• Pregnant women, unless the anaemia is severe, the history and examination suggest an alternative cause of iron deficiency (for example inflammatory bowel disease), or there is no response to iron supplementation.
  • People who are terminally ill or unable to undergo invasive investigations.
  • People who refuse further investigations.


The aim is to restore haemoglobin levels and red cell indices to normal, and to replenish iron stores.

A dose of 65 mg elemental iron (ferrous sulfate 200mg) three times daily is needed to treat iron deficiency anaemia. However, dose-related adverse effects from taking an iron supplement are commonly experienced, which can be reduced by taking iron with food. Alternatively, lower doses may be effective and better tolerated — consider reducing the dose to ferrous sulfate 200mg (65mg elemental iron) twice a day until the clinical response is assessed after 2–4 weeks.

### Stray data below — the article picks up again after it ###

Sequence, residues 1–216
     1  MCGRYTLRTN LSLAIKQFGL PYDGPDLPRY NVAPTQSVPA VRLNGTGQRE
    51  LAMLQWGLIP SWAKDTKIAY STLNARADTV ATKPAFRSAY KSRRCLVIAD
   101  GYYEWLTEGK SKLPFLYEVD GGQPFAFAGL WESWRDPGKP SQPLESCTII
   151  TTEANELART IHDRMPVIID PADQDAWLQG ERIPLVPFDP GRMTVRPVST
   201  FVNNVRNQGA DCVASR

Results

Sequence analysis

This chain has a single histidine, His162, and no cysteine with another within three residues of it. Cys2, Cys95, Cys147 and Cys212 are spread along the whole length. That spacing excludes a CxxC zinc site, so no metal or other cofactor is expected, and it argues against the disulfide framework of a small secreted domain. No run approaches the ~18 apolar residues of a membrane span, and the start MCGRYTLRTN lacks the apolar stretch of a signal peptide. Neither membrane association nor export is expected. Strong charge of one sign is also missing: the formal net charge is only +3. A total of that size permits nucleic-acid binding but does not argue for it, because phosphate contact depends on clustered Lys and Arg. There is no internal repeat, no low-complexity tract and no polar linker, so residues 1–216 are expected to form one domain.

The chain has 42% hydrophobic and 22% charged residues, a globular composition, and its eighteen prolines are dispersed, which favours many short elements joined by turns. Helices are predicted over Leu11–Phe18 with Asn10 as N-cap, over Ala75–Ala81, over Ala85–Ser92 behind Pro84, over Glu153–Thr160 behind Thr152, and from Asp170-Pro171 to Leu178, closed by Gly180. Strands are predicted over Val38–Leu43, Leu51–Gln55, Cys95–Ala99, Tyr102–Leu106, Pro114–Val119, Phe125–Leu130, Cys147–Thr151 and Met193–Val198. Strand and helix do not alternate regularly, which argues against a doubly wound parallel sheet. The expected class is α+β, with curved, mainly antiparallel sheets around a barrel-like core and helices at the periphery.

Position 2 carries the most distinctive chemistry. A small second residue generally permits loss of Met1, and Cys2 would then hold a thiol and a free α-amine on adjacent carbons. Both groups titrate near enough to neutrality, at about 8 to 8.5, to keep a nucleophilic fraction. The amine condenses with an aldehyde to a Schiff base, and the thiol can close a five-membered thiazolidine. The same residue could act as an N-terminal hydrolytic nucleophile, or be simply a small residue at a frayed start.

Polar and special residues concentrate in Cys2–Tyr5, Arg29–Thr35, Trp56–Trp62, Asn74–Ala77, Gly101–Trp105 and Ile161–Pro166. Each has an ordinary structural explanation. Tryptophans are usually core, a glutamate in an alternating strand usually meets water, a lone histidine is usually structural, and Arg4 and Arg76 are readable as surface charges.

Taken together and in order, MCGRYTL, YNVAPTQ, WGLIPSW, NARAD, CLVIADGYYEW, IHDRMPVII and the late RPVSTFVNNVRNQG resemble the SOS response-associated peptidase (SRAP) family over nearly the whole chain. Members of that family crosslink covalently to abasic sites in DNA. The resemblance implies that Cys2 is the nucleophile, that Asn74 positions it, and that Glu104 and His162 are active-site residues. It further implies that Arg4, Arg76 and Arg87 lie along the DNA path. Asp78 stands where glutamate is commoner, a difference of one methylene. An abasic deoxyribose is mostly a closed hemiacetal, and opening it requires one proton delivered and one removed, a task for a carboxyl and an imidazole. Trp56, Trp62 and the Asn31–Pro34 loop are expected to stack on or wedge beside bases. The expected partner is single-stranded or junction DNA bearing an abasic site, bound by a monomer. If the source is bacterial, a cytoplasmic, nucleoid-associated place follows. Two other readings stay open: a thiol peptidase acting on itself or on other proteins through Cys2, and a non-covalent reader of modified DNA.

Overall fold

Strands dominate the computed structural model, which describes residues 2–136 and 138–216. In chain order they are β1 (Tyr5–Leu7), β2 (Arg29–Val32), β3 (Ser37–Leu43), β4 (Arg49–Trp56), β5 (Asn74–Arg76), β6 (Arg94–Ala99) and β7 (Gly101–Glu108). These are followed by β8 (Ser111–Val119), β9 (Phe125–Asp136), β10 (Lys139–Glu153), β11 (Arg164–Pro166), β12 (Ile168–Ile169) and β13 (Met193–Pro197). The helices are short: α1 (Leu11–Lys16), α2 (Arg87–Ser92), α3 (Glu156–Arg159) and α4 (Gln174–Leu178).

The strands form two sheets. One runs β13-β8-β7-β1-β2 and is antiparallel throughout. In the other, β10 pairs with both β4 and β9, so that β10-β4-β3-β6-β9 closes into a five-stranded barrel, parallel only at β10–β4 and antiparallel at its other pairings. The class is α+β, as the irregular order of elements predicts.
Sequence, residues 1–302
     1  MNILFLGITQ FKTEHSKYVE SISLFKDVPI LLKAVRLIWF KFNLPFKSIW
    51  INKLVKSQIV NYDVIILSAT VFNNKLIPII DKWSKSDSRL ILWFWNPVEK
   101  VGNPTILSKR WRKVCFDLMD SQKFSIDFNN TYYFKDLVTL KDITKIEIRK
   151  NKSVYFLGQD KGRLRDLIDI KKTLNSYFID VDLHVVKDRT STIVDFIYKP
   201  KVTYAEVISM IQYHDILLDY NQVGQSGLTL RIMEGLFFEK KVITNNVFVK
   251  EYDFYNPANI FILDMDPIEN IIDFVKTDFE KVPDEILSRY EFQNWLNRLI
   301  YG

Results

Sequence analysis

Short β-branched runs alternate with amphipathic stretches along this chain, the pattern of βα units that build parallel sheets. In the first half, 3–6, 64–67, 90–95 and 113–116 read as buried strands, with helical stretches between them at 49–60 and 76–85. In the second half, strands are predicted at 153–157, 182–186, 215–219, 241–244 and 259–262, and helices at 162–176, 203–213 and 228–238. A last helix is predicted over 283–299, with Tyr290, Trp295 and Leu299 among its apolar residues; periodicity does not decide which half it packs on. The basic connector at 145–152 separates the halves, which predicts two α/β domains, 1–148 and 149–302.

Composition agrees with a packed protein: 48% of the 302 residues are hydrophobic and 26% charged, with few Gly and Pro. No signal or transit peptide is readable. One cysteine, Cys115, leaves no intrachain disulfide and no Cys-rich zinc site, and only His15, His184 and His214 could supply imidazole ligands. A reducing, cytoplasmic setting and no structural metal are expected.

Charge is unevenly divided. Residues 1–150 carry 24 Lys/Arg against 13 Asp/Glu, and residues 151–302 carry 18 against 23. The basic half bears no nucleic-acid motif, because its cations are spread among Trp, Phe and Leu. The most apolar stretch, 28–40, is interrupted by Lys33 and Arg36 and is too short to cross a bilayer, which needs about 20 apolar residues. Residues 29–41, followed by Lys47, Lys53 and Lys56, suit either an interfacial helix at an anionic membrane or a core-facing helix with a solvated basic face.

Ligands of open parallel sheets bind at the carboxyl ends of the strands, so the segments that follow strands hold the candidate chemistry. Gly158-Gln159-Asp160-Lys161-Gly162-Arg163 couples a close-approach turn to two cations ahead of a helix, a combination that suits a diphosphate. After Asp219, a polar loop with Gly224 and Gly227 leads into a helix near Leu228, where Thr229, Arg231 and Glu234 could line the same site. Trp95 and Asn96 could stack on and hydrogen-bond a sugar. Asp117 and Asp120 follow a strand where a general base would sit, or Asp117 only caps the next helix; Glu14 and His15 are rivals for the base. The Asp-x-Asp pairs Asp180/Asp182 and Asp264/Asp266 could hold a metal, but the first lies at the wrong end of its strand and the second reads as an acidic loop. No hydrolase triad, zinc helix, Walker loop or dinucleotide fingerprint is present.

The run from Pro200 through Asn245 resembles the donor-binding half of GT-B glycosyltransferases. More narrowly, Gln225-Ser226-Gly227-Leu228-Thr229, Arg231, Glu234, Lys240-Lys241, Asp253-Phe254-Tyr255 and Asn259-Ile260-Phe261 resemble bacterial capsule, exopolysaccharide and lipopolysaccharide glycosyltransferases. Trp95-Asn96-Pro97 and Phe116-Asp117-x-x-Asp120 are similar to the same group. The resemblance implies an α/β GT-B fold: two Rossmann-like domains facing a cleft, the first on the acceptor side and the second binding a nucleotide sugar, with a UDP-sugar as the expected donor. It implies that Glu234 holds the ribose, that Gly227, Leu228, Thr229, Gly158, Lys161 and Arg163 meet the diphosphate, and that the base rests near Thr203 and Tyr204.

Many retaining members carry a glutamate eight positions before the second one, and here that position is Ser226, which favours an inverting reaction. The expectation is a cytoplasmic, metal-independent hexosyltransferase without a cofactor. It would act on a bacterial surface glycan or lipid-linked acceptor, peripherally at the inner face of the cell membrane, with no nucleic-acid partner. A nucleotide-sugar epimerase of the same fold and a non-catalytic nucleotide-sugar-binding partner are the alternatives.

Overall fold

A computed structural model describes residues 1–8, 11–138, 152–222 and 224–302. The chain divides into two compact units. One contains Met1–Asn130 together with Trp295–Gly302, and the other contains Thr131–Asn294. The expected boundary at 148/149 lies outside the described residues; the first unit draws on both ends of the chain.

If ferrous sulfate is not tolerated ferrous gluconate 300mg tablets may be better tolerated than ferrous sulfate as there is less elemental iron content per tablet than ferrous sulfate.

Ferrous fumarate tablets contain more elemental iron per tablet than ferrous sulfate.

Ongoing supplementation

An ongoing prophylactic dose of iron (200mg ferrous sulfate daily) may be beneficial in some people who have:

  • Recurring anaemia (such as in an elderly person) and further investigations are not indicated or appropriate
  • An iron-poor diet — for example, vegans